Artistic Statement: Potato Synthesis is part of Gladwin’s collection of experiments to camera entitled “Paramusical Sound Studies with Video”. This series works to explore the aesthetic of noise produced by crude sound generating devices or actions, hacked redundant technologies and environmental interventions. In this piece the potato (raw or mashed) acts as a connector for a power circuit, resulting in the generation of a continuous stream of electronic noise.
Artist Biography: Christopher Gladwin is an experimental musician, noise maker and sound artist. The spawn of early computer games, 80’s video nasties and his parent’s Prog Rock collection, he began making electronic music from his bedroom studio in the late 90’s. He went on to study at the Hull School of Art & Design exploring the interface between music and contemporary art, and became involved in the city’s vibrant avant-garde underground. Chris is mainly known for his electronica output under the name of Team Doyobi with long time collaborator Alex Peverett. The Team are considered by some to be the godfathers of the UK Chip Tune scene and their discography features labels such as Skam, Staalpaat, Tiger Beat and Fatcat records. Together with this project Chris also works under a number of aliases (The Wyrding Module, Dr Derek F. Livet Er Smerte) and when the opportunity arises will get involved in improvised performances with whoever and whatever (at one gig he played an amplified bowl of couscous). His creations can embrace pop musicality or the absurdist noise of his more outré sonic research; previously he has recorded the screams of frogs and performed 340 songs in one set.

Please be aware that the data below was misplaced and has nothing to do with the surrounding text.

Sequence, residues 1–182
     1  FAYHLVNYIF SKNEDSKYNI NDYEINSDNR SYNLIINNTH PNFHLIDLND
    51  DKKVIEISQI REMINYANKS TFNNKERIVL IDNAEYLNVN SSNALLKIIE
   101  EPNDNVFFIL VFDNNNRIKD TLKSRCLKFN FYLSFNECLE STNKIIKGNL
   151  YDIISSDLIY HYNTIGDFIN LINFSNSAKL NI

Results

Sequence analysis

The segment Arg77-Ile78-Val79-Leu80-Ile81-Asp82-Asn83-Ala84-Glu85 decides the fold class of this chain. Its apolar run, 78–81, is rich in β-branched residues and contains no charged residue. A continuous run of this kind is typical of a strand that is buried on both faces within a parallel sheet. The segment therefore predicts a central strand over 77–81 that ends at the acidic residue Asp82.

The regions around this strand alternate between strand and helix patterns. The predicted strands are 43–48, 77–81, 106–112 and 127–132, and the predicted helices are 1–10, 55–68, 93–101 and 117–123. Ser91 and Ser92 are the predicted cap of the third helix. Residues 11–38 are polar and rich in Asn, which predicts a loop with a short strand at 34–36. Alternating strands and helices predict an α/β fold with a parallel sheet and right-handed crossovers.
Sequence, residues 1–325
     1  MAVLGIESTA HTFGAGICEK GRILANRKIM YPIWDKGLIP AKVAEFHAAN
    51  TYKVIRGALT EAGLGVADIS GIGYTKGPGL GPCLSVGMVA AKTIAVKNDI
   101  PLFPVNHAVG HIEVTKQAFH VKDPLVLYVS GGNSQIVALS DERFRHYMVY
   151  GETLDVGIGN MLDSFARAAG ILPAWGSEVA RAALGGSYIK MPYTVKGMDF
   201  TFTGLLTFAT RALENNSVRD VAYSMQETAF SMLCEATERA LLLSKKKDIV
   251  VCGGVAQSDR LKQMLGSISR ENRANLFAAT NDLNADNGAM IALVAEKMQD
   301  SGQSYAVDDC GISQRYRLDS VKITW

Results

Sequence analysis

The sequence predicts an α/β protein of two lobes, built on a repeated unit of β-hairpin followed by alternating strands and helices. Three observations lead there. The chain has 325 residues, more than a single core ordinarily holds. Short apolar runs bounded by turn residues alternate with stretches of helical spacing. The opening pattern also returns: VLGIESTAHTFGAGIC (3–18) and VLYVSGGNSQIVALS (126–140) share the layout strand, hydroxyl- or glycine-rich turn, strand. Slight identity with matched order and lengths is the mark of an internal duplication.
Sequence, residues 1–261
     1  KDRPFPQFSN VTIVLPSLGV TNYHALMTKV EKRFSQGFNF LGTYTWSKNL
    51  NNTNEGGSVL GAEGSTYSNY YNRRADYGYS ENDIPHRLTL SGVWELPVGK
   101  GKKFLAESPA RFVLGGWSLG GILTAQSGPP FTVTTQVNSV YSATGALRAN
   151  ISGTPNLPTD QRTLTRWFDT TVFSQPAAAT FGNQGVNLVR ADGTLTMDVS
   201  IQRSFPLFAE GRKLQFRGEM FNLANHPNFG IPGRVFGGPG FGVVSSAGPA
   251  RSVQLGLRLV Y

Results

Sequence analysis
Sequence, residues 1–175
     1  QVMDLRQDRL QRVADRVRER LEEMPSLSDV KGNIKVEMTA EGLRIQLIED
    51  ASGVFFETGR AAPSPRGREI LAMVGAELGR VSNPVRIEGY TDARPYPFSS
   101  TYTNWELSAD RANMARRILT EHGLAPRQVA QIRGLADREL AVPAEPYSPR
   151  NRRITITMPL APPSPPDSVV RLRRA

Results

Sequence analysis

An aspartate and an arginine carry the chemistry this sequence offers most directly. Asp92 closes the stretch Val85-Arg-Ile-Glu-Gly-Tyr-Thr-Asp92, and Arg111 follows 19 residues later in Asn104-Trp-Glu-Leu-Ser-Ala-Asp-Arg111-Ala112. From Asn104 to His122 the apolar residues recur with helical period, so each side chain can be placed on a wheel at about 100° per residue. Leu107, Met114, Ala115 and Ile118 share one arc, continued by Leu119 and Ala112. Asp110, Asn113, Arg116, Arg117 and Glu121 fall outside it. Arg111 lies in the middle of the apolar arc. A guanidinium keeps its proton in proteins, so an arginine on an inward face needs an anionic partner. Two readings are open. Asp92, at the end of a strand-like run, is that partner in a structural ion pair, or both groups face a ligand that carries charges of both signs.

Artist: Doug Jackson
Artistic Statement: Jackson was inspired to make this work after reading a newspaper article about the 2007 Boston bomb scare, which occurred when police mistakenly identified small electronic devices branded with an LED image of a cartoon character, a “Mooninite”, found throughout Boston as part of a Guerrilla marketing campaign, as improvised explosive devices.